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Other Big Stories
Britain and the E.U. agreed to a three-month delay in regulations that would ban shipments of chilled meats from mainland Britain to Northern Ireland, in what has become a key issue in ongoing Brexit negotiations. Above, a butcher in Belfast.
A new Biden administration rule would create a gender marker on passports and citizenship certificates for people who identify as nonbinary or intersex — X, rather than M or F.
The father of Britney Spears called for an inquiry into her claims that she was being abused under the conservatorship.
After slippery conditions caused injuries in back-to-back matches at Wimbledon on Tuesday, the All England Club defended the condition of its grass courts.
Earthquakes are the other potential catastrophe at the Olympic Games, which begin this month. Organizers hope that any tremors will be small ones, but they’re preparing for anything.
The Tokyo Olympics offer an opportunity to inspire Japanese girls with athletic aspirations. But outside of the Games, female athletes are limited by Japanese society’s rigid gender norms.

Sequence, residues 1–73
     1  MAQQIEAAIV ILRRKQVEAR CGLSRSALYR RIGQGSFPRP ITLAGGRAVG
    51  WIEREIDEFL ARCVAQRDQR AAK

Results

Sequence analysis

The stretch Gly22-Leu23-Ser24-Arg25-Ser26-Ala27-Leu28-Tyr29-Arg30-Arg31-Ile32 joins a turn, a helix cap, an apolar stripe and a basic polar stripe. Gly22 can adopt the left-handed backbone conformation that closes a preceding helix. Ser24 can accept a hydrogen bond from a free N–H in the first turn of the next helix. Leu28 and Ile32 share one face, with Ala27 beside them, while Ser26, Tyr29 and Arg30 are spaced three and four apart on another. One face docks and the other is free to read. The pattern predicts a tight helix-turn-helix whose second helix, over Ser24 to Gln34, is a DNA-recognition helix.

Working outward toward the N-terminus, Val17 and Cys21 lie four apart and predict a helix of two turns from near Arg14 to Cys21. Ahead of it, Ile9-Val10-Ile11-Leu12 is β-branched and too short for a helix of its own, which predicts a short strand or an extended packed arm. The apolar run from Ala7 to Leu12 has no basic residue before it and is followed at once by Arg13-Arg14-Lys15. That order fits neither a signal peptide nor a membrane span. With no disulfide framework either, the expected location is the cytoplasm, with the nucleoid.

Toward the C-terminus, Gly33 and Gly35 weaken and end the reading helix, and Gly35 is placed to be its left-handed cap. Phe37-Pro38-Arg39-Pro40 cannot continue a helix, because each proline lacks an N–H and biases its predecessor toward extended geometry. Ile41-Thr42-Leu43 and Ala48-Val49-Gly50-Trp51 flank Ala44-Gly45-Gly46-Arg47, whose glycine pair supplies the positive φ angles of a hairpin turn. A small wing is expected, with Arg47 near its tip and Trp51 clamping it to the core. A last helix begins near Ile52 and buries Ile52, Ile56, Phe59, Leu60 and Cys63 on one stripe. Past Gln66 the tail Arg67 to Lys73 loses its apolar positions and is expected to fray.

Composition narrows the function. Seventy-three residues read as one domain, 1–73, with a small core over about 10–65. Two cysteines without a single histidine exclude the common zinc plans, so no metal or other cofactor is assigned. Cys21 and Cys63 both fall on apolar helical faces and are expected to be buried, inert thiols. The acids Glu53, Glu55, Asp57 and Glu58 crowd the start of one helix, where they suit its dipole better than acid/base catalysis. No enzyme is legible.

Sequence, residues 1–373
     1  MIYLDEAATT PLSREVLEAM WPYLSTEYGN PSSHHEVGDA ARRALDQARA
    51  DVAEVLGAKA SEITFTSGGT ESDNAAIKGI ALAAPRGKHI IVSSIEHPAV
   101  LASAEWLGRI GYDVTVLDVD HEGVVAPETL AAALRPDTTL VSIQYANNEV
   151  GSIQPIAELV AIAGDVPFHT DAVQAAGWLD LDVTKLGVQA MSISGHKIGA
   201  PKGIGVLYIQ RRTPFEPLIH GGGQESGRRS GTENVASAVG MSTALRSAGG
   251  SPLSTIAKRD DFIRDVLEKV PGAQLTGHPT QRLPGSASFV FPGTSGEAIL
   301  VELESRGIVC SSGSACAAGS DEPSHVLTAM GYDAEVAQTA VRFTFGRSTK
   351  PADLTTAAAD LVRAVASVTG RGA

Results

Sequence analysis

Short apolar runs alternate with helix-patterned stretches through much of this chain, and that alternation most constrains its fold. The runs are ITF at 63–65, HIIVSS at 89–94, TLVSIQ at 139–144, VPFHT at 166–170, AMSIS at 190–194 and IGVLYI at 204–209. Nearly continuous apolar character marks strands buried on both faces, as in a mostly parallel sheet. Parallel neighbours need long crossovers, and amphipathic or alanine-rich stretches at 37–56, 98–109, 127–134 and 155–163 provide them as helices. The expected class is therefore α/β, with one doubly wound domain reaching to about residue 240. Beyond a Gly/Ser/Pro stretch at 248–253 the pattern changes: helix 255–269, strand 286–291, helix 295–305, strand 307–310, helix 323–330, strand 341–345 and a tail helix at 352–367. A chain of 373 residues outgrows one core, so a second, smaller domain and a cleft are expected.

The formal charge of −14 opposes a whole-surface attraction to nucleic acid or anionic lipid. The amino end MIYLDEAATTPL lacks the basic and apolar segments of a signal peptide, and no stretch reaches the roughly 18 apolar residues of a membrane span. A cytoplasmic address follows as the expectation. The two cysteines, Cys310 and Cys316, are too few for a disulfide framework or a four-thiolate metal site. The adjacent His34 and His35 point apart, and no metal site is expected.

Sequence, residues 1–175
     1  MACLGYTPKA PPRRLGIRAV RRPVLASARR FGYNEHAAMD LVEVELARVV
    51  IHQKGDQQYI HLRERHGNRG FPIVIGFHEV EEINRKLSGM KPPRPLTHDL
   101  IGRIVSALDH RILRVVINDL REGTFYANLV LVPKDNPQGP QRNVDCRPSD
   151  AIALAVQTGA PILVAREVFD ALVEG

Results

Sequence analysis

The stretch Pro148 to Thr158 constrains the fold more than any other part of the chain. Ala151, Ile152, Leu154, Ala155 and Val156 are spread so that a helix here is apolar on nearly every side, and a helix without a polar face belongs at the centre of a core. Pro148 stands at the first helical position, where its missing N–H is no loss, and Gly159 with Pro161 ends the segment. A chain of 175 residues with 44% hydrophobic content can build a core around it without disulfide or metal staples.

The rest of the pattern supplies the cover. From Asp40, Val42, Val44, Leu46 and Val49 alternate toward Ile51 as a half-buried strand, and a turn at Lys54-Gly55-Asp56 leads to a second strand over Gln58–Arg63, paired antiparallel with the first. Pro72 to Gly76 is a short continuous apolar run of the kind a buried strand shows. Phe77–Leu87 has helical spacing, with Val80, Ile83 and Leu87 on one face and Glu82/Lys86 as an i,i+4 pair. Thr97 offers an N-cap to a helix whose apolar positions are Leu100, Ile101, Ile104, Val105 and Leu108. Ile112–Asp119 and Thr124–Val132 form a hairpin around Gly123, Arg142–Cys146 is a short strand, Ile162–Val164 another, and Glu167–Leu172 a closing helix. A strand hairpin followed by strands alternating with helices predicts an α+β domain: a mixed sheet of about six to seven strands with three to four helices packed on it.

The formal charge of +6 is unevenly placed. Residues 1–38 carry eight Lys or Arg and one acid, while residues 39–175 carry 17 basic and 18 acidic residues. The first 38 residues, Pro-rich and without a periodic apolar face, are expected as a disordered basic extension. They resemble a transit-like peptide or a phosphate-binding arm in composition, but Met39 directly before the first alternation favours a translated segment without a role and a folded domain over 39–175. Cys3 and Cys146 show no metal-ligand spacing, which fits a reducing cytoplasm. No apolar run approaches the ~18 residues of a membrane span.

Donald Rumsfeld, the U.S. secretary of defense for two presidents, has died at 88. He was in charge of the invasion of Iraq under George W. Bush.
A Morning Watch
The Times spent nearly six months analyzing thousands of videos of the Capitol riot. Our 40-minute video reconstruction provides the most complete picture yet of what happened on Jan. 6. Watch it here and scan through some of the key takeaways.
ARTS AND IDEAS
Why many tennis pros barely scrape by
In pro tennis, the biggest stars earn fortunes in prize money and endorsements. But for the rank-and-file, the sport is far less lucrative: After travel, coaching and other expenses, most players barely scrape by.
“If you are not in the Top 100, you are basically not making any money,” Vasek Pospisil, a Canadian player who has been ranked as high as 25th in the world, said. Contrast that with the N.H.L., Pospisil noted, which has roughly 700 players and a guaranteed minimum salary of $700,000.
The inequality also means many players lack the resources to improve. “The players ranked 150 to 250 are on the cusp of breaking through, but they need to be able to invest in themselves,” Gaby Dabrowski, another player, said. “You need a coach to guide you, to have a vision for your tennis, to see your blind spots, and you need money for that.”
One thing that separates tennis from many other sports is that its players are not in a union. Last year, Pospisil and Novak Djokovic announced the formation of the Professional Tennis Players Association, which would negotiate on players’ behalf.
The fledgling organization has yet to win the support of other top players on both the men’s and women’s sides. And it faces opposition from the game’s most powerful institutions. For more, read Michael Steinberger’s story in The Times Magazine.